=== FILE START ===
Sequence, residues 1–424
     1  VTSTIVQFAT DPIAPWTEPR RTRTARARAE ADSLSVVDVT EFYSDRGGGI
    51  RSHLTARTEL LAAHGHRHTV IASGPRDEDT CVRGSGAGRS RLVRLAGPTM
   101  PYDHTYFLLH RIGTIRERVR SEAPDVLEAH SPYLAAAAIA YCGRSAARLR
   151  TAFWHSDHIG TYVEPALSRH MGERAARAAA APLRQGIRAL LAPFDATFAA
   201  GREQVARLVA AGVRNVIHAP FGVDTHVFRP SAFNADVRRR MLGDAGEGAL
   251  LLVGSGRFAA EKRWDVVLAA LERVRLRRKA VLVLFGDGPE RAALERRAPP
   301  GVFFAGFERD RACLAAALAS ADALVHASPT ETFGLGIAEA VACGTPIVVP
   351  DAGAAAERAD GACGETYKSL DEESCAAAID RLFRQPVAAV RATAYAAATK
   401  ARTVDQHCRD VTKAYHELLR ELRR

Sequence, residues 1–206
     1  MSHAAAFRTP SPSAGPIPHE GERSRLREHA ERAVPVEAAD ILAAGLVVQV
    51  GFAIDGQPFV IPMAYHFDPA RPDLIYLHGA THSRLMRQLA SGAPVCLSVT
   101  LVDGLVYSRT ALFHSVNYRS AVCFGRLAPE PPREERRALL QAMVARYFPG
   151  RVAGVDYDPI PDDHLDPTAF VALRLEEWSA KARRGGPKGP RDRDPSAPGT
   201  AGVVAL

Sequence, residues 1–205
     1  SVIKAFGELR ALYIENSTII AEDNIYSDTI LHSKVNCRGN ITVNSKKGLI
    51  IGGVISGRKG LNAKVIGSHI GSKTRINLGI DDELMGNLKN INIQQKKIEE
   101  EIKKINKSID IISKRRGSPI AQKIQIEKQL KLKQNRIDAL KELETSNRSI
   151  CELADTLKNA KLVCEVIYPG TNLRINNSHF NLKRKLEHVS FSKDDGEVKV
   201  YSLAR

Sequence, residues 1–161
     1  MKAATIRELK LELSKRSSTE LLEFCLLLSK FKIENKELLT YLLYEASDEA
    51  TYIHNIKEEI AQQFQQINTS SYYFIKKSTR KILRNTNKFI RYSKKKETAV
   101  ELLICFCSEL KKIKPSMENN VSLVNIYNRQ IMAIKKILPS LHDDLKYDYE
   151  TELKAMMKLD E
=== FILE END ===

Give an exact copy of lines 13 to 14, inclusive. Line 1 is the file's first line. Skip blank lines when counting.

    51  GFAIDGQPFV IPMAYHFDPA RPDLIYLHGA THSRLMRQLA SGAPVCLSVT
   101  LVDGLVYSRT ALFHSVNYRS AVCFGRLAPE PPREERRALL QAMVARYFPG